Sunday, May 3, 2015

The Lore of Dungri-Garasiya Bhils

Marija Sres was a name I was not familiar with till about three days ago. Today, three days later, it is a name which has begun commanding decent amounts of respect from me. A religious sister, she came to work with the rural population of India and succeeded in impacting not just the spiritual and economic lifestyles of people by understanding their core problems; but also left an indelible mark on the literary landscape of Gujarat. The doyens of Gujarati literature have themselves acknowledged her genius and genuineness - she carried to the literary domains the legends of tribals and outcastes, about whom, even Gandhian activists shied away from writing. Literature, after all, was an elite, and puritanical domain. However, Marija Sres put in the effort of not only learning Gujarati, but also finding a subject of writing which won her the prime regional literary award.

At a discount fair organized by Zubaan, I came upon this really interesting title - "First Their Was A Woman, and other stories". Slightly subversive, or dreamily assertive - I could not decide. Centuries of religious instruction would have ingrained in us the secondary-ness of a woman's origin. God first created Man, isn't it? The lore of Dungri Garasiya Bhils would differ. The unique ring of this narrative does not end here. Not only did their existence begin with a woman - the procreation and continuation happened without the presence of man. In fact, in the legends, wherever a man is mentioned, he is shown to be deceptive, or silly, or incapable of taking valorous decisions, unless prodded by the female. Such powerful depiction, that even the simplistic manner of writing jolted me completely. 

The all encompassing entity in the tribal culture is Kudrat, who is said to have created Pruthvi first - a female entity. Upon Pruthvi, Kudrat placed a lot of elements to beautify it. The first human to find its way to Pruthvi was a woman, painstakingly created by Kudrat as a Murti out of earth, carved and shaped unto perfection. She was called Sati (root word - Sat - meaning truth). The intrigue in this myth does not end here. When Sati found herself alone, while there were more of other kinds of species, she had an urge to procreate - and this she did with the help of Sapsi - a serpent, and not by desiring a male partner. The Pruthvi, thus, was a woman's kingdom.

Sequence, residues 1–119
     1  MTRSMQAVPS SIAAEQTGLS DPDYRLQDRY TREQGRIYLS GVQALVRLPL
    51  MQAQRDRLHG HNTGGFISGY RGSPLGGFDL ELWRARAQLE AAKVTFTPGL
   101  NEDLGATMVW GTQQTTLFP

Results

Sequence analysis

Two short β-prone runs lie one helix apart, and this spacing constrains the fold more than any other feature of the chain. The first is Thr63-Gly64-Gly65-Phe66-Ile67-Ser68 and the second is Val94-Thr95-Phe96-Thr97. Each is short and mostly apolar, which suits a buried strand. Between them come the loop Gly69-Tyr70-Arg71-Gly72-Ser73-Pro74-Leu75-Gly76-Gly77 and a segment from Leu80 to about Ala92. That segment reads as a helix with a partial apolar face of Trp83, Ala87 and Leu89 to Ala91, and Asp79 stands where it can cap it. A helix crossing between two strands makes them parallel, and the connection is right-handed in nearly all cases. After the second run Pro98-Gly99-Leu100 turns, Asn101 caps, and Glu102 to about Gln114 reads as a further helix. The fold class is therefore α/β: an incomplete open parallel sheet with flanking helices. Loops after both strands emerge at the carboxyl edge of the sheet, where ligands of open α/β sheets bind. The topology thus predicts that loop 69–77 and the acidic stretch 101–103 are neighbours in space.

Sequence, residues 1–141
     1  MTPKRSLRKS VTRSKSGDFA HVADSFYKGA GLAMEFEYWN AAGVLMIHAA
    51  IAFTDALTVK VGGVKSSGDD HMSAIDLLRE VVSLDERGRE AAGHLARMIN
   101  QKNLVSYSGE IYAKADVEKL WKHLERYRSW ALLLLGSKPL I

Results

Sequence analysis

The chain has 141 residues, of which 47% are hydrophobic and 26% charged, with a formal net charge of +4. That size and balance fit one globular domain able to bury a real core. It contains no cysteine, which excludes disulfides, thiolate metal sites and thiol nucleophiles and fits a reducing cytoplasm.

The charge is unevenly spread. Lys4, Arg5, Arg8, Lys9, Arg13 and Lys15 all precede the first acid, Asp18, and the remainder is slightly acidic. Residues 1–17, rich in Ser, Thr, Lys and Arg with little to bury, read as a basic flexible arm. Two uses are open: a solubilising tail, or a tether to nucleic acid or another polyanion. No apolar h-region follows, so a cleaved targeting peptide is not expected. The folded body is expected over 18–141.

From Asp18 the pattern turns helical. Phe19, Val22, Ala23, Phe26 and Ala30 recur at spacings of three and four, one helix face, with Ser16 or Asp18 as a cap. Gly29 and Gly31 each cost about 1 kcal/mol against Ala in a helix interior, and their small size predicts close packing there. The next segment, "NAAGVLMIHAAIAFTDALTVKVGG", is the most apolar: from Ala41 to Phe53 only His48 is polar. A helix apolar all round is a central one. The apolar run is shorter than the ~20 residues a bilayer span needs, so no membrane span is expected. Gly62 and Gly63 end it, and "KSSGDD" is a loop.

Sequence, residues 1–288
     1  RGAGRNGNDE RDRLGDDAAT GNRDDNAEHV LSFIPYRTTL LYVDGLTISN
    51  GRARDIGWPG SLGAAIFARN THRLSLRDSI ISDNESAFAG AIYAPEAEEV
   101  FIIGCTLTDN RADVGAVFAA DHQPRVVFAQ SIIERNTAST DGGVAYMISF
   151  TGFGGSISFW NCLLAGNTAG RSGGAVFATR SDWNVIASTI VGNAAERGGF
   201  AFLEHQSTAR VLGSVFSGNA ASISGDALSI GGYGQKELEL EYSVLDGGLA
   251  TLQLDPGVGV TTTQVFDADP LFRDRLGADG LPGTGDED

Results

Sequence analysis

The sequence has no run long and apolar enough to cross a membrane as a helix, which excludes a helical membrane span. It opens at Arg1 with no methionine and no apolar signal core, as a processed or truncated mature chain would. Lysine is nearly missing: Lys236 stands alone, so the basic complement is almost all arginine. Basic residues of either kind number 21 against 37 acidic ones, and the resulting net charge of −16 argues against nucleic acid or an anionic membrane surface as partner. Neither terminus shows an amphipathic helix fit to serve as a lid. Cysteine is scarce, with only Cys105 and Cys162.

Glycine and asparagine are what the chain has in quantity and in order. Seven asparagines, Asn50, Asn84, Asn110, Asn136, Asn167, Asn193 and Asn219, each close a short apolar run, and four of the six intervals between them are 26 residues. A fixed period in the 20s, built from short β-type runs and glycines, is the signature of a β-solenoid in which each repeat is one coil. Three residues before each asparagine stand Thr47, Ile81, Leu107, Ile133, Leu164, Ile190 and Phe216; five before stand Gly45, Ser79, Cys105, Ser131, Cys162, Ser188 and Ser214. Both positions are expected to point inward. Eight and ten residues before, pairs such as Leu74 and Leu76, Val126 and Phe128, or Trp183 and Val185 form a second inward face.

Stories which form a part of tribal orature are not mere instruments of amusement. In them lie explanations for historical changes and sociological connections. In the story of Kava and Kavi, I understood how the naturally more vivacious and energetic female was slowed down using the treachery of beautiful garments and accessories, while she was caught unaware in the web of deceit concocted by male ego. The eternal nature of a woman's love was reinforced in the stories, and adequate light was also thrown on instances where a woman becomes a woman's worst enemy. This, as per my understanding, happens due to the rivalry that economic and social dependence on man bring about between females. 

Because the tribal culture of Dungri Bhils, like most others, was animist since its ancient beginnings, a lot of supernatural instances find their way into the stories. People are gifted with the power of understanding the tongue of animals, and the source of vitality for humans resides in natural elements too. I have a feeling that the hierarchical structure, if any, in these societies would be - Kudrat (Invisible entity), Nature (Visible power), Woman, Man, and rest of the creatures. In a story about crows, the Queen is shown to be assertive and cunning enough to guide her King towards a right decision. In the only story where a King is the Supreme, he is shown to be unreasonable and silly. Snakes and Cobras have been depicted as benevolent and protecting species. 

My favourite stories in the book are two - 
1. Bhaliya and Priya - a love story, which talks of oppression by the King, and then dark, covert revenge by the lovers. Love is the vital force which oppression cannot mess with for long. 
2. Alkhi and Dhulki - a story of sister love, which presents an alternate version to the beginnings of Sati. 

India is a land of such diverse and glorious folk-tales! The more one delves deeper, the more is he surprised with the kind of degeneration that has affected our morality and belief systems. Harking back to animist and tribal traditions is always enriching and endearing in a shocking sort of way. And sometimes, it needs the eye of an outsider to locate stories in a patch of ourselves we forget to acknowledge and appreciate. 

Marija Sres' book is an easy 4 on 5 stars. Thanks to Zubaan for bringing forward this wonderful book to an urban audience.